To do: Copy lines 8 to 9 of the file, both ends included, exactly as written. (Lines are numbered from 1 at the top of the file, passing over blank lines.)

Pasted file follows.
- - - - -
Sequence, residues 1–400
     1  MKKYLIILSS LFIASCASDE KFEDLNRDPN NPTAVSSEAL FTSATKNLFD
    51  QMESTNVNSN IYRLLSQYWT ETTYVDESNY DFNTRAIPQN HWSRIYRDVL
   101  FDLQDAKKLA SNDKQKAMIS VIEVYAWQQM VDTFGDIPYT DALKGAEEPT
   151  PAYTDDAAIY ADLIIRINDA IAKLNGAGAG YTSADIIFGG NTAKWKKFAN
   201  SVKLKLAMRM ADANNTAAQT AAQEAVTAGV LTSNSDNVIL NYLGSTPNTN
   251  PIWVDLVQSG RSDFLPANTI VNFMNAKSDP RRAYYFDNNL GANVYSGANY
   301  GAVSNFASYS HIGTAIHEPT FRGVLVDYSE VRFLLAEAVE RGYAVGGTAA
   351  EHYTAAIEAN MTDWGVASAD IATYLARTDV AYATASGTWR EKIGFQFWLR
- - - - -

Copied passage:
   301  GAVSNFASYS HIGTAIHEPT FRGVLVDYSE VRFLLAEAVE RGYAVGGTAA
   351  EHYTAAIEAN MTDWGVASAD IATYLARTDV AYATASGTWR EKIGFQFWLR